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New dawn: Why Jason Roy must open the batting in the Ashes – Lawrence Booth

Lawrence Booth by Lawrence Booth
@the_topspin 8 minute read

Jason Roy may not be in the mould of a traditional English Test opener, but it’s time to do things differently, writes Lawrence Booth.

Does anything bring out the inner conservative in English fans quite like Test cricket? I’m thinking about Jason Roy, and the debate over whether he should open in the Ashes or slip down to the promised land of No.4, where the seam is no more, the pitch flat and the bowling knackered (except if you’re England, in which case it’s 20-2 and you may as well be an opener).

Here’s the thing. If Test cricket is your one-and-only, if you resent the growing prominence of the white-ball formats, if you believe that any opener who cuts the off-spinner before lunch deserves a spell in the second XI, then the chances are you’ll feel unsettled by Roy’s presence at the top of the order.

Roy made his Test debut against Ireland last week

On the other hand, if you accept that the speeding-up of the five-day game is an inevitable and welcome consequence of limited-overs cricket, that the days of Geoff Boycott – and possibly Alastair Cook – are behind us, that the UK should remain in the European Union, and that climate change is man-made, you probably cheered Roy on as he walked out to bat with Rory Burns against Ireland at Lord’s last week.

I generalise wildly, of course; there’s no need to tweet me to point out you’re a Roy-loving Leaver. But there is something about a strokemaker opening the Test batting that turns sections of English society into letter writers to the Daily Telegraph. It’s just not… the done thing.

Something similar happened lower down the order when Jos Buttler was recalled to the Test side last year on the back of his form at the IPL – a double blow to the conservatives, since his restorative runs hadn’t even been made in England. When Buttler’s first act as a born-again Test batsman was to flash Pakistan’s Hasan Ali into the cordon for 14, you could hear the tut-tuts all round Lord’s. It’s all very well scoring white-ball runs when there are no slips, you see. Try doing that in proper cricket!

Jos Buttler has impressed upon his return to the Test arena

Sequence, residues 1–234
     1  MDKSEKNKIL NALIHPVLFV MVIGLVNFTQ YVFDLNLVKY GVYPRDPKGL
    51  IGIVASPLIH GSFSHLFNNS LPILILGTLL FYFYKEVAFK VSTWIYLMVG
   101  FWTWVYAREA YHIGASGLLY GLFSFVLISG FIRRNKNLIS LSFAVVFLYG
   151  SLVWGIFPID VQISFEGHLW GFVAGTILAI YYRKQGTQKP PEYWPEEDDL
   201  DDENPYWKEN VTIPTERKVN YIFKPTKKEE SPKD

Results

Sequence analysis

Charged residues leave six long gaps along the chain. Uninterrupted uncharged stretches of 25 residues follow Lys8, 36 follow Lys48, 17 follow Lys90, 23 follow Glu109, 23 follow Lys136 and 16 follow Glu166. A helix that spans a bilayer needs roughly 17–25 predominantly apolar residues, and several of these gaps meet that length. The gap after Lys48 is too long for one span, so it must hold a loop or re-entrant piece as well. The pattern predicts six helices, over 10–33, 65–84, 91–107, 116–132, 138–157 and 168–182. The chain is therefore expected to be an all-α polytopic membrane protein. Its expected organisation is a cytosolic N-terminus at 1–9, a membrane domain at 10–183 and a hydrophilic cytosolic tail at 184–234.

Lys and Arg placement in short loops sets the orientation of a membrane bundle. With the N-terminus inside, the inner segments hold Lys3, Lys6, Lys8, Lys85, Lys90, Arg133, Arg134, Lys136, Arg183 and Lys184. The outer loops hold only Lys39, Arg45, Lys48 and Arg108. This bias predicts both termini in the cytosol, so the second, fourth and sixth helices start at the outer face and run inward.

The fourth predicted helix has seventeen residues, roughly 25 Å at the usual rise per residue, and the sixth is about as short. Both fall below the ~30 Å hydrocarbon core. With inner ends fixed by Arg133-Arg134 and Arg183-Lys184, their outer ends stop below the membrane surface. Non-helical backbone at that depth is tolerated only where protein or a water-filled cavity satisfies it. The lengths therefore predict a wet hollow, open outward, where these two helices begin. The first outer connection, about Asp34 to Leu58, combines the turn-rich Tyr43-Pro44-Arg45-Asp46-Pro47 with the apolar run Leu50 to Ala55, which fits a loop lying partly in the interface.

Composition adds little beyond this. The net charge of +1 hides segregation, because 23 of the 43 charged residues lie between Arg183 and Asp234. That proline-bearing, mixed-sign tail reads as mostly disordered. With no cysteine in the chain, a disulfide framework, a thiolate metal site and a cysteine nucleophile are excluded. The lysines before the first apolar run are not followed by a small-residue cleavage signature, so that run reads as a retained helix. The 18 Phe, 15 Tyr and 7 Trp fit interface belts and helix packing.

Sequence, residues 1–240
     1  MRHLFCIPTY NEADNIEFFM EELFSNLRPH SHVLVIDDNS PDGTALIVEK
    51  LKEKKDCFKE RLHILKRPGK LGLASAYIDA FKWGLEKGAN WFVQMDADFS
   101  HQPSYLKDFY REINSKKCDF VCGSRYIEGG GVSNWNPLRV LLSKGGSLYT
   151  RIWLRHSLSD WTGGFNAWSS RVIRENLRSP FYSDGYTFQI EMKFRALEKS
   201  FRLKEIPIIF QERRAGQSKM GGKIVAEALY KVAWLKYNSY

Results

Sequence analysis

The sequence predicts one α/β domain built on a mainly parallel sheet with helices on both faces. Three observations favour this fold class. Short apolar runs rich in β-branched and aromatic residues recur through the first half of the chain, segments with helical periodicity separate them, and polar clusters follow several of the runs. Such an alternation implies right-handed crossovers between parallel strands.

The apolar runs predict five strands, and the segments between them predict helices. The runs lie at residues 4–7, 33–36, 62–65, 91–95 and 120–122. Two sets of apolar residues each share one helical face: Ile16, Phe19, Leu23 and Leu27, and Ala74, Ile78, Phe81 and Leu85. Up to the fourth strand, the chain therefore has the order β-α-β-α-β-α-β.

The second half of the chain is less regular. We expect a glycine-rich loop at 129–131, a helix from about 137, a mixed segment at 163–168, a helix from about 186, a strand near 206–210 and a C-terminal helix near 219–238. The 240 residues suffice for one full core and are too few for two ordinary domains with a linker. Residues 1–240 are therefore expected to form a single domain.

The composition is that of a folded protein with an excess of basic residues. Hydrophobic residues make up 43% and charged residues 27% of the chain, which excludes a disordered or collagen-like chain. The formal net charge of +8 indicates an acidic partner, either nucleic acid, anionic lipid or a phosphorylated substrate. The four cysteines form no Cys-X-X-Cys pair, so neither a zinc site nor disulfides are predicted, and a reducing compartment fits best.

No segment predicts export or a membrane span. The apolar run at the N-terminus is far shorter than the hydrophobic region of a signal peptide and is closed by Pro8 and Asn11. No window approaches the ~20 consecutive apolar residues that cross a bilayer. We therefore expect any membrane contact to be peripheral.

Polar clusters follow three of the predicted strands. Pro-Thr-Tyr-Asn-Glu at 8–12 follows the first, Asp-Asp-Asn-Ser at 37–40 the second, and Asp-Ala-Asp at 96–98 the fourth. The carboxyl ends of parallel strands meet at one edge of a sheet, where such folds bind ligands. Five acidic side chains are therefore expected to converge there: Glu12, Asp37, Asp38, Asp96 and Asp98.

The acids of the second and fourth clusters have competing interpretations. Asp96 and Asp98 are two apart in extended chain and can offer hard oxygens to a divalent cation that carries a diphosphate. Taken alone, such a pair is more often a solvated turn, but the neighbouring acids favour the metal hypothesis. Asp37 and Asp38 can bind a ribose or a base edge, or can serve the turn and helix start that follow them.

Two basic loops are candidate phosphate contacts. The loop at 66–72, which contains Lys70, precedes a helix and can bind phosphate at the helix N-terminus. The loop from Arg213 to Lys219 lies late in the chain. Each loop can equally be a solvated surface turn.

But Buttler is no mug. Since the start of that game, he has been England’s leading Test run-scorer, his 938 not far ahead of Joe Root (875), but a long way ahead of the third-placed Ben Stokes (620). And only Ben Foakes (41) has averaged more than his 40.

This is not to say Roy is destined to succeed. Even now, it seems the selectors are paving the way for him to go to No.4, which doesn’t immediately sound like a vote of confidence. But it is a reminder that cricket’s old orthodoxies grow more tenuous. We can keep hankering after another Cook. But, whisper it, we may never get one.

In any case, how’s it been going with old-style openers recently? Cook made 71 and 147 in his last Test, against India at The Oval – precisely because it was his last Test. Keaton Jennings reverse-swept his way to 146 not out at Galle, knowing full well the innings had no bearing on whether he would flourish in England. Burns made a patient 84 in the Caribbean. Jack Leach hit 92 as nightwatchman against Ireland (and was instantly dropped). That’s pretty well it.

If madness is doing the same thing repeatedly and expecting a different result, the selectors would have been certified insane the moment Jennings was recalled last summer against Pakistan.

No, it’s time to do things differently, starting with Australia at Edgbaston on Thursday. It’s time to encourage Roy to be himself, and damn the consequences. Because if Roy comes off even twice in 10 Ashes innings, the chances are he’ll be a match-winner at least once – and that alone will justify his place.

Put it another way. Who would Australia’s new-ball bowlers most like to face: Roy or Joe Denly? The answer was implicit in Josh Hazlewood’s comments the other day about Roy’s Test prospects: if the Aussies weren’t faintly unnerved by the thought of bowling to him, they wouldn’t bother offering friendly advice about his technique.

In the meantime, enjoy Roy while he lasts. If some have their way, it may not be for long.

Lawrence Booth is editor of Wisden Cricketers’ Almanack and a cricket writer for the Daily Mail

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